With opportunities ranging from viewing a live birth to observing a clinical lab, students from Cohort Seven of the Bioscience Academy are experiencing a hands-on approach to their curriculum.
Each junior in the Academy is scheduled for anywhere between four and eight job shadows over the next few weeks. The shadows began April 14 and will end May 6.
“The world of health care is the focus of the junior year,” Bioscience coordinator Darcy Duffy said.
Juniors take two classes for the Academy: Honors Physiology and Medical Technology. In addition to patient care, the students are trained in health safety regulation, hospital codes, fire safety, standard lab protocol, infection control, first aid, and CPR.
“These two courses together provide students with the academic knowledge and development of patient care, first aid, and clinical lab skills,” Duffy said.
Job shadows organized through Ventura County Medical Center give students the opportunity to see the applications of their material.
“These shadows are such great opportunities,” Bioscience junior Amanda Torres said. “It’s eye opening to see jobs that you would normally only see on TV. It’s less dramatic, more nitty gritty, there’s loads of paper work, but these things are exactly what we need to see.”
Torres has shadowed in Physical Therapy and Family Care at VCMC, in the surgery department at Community Memorial Hospital, and in Medicine and Pediatrics. She will be shadowing in surgery again and also Labor and Delivery.
“My favorite part was certainly seeing a C-section at VCMC,” Torres said. “It was exciting to see a newborn baby.”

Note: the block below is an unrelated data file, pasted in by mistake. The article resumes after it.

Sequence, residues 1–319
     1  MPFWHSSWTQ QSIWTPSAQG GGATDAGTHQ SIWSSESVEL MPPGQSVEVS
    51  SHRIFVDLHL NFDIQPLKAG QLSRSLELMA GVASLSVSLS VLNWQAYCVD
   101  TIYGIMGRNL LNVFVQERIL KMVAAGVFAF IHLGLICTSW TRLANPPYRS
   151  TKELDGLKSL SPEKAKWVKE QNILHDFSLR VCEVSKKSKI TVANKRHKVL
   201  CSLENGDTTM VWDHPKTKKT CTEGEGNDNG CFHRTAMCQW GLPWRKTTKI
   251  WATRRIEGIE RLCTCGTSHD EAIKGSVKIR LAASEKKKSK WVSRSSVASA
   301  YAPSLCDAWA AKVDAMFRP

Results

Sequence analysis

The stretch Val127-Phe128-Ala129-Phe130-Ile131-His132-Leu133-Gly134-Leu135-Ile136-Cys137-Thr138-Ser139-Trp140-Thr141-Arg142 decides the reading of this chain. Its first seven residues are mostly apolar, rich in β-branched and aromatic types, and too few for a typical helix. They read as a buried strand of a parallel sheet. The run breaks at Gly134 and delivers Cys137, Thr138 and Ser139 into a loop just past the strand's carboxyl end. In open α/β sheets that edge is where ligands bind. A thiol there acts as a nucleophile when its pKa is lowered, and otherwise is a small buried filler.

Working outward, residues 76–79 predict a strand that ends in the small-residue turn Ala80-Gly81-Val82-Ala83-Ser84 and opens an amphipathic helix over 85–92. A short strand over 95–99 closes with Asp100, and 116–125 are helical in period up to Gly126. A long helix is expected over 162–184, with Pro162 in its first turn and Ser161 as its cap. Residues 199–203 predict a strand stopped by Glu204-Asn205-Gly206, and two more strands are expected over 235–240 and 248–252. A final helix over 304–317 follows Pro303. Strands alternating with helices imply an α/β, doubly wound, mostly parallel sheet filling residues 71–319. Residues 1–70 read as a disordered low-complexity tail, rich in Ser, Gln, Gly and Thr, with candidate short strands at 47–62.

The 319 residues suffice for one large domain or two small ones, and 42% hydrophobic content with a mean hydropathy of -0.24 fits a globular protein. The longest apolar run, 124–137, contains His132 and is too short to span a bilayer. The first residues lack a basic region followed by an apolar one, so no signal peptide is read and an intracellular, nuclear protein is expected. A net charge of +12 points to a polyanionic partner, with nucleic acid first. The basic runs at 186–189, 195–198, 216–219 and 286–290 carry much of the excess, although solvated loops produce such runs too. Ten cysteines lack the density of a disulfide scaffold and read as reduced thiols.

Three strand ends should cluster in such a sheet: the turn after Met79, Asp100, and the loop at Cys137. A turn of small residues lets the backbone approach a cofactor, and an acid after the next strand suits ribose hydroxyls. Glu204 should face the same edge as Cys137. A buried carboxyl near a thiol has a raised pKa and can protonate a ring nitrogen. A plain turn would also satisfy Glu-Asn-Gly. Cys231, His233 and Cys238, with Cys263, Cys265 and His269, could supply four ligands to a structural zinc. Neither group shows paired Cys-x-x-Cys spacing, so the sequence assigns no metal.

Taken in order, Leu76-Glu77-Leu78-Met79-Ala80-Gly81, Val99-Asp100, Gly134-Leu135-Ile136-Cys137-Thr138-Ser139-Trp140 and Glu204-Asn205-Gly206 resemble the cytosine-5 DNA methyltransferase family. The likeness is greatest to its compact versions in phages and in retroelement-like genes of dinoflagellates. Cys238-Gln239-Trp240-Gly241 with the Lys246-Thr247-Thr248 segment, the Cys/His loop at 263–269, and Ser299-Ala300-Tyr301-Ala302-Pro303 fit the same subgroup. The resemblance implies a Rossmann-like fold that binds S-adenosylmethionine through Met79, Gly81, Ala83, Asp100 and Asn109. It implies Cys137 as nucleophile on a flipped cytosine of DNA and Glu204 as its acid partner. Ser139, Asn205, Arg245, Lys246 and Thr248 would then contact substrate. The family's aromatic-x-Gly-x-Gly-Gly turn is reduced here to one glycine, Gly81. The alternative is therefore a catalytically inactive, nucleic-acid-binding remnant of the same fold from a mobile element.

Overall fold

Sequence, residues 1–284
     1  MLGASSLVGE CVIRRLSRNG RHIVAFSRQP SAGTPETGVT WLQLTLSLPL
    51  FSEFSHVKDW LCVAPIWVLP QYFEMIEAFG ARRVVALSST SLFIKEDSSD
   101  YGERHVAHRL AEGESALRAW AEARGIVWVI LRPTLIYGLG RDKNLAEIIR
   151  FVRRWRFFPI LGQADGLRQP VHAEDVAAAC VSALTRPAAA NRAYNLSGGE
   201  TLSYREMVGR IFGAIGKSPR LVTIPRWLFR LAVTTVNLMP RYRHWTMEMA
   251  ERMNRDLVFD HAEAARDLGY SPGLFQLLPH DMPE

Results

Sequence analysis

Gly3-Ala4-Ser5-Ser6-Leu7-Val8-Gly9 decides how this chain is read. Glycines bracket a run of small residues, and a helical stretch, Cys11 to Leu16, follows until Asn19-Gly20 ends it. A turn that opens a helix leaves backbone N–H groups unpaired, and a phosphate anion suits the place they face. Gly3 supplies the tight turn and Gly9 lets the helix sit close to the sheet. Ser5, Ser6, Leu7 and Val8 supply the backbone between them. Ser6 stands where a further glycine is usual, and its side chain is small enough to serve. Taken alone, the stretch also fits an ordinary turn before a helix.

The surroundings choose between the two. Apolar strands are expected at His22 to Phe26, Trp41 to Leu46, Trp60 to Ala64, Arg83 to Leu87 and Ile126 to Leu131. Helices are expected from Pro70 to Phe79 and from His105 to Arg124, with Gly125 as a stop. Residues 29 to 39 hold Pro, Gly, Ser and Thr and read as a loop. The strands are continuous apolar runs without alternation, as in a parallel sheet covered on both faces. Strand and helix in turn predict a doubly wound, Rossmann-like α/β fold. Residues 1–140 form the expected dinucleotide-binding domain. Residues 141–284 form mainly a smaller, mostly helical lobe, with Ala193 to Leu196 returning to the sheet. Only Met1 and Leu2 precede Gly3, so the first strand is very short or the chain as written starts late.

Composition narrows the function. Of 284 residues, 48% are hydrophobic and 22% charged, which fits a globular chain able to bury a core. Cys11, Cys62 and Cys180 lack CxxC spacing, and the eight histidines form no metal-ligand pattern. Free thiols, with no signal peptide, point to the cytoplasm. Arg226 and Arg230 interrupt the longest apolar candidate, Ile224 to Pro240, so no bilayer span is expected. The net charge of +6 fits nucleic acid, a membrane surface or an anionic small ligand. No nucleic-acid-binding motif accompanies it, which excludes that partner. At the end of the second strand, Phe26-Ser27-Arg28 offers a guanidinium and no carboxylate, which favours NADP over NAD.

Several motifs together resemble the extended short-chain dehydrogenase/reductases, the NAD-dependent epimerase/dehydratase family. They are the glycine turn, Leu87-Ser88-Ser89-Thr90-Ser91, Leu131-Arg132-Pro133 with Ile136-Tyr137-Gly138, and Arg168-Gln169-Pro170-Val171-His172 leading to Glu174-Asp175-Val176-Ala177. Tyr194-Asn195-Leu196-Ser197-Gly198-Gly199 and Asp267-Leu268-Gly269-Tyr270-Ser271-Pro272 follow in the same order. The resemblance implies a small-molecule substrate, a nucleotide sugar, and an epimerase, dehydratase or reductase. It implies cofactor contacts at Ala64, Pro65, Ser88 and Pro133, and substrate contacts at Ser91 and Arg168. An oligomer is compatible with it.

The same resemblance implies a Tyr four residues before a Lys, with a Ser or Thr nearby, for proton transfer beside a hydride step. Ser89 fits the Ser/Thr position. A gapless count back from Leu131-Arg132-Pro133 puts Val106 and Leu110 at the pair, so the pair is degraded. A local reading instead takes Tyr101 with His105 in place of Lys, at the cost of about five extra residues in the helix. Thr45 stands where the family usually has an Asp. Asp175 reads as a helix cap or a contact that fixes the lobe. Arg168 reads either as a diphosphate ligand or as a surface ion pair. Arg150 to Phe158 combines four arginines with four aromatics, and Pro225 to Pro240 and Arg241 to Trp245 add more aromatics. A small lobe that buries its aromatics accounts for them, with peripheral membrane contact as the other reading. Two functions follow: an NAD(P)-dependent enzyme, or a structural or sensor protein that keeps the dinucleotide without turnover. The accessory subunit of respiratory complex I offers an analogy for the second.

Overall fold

She hopes to become a family care physician, a career she became interested in during the Bioscience Survey class.
“My second job shadow, with a family care physician, pretty much cemented my choice to become a general practitioner,” Torres said. “It was so awesome to watch Dr. Slater explain to a patient how the lining of his intestines work and then 20 minutes later deliver a baby.”
Bioscience Junior Martin Marquez has yet to shadow in Labor and Delivery.
“If I do see the miracle of birth, but I doubt I will, all I ask is that I don’t faint,” he said.
Marquez has already shadowed in the surgery department at CMH and observed two surgeries, a procedure on a meniscus tear and a trigger finger operation.
“I liked seeing how they cleaned out the meniscus,” Marquez said. “Feeling lucky enough to see the surgery live and what tools they used to perform the surgery was amazing itself.”
Bioscience junior Natalie Waechter experienced a different approach in her shadow at the Family Care Center at VCMC. Although there was less action, she saw a more personal side to medicine through the doctor’s interaction with his patients.
“I witnessed a doctor explain to a patient that she has great cancer,” Waechter said. “It definitely was not the greatest moment ever, but it definitely was a humbling experience.”
Waechter is looking into Occupational Therapy specializing in pediatrics, especially those with special needs. Although she already has an idea of what her future looks like, she is looking forward to the wide spectrum that her shadows will offer.
“[Job shadowing] really gives us an open eye about the world. It allows us to really find what we are interested in and what we are not interested in,” she said.
“It shows Bioscience students what they would be doing in each department of the medical field in person,” Marquez said. “It would either encourage or rethink their future career paths in a certain area in the medical field.”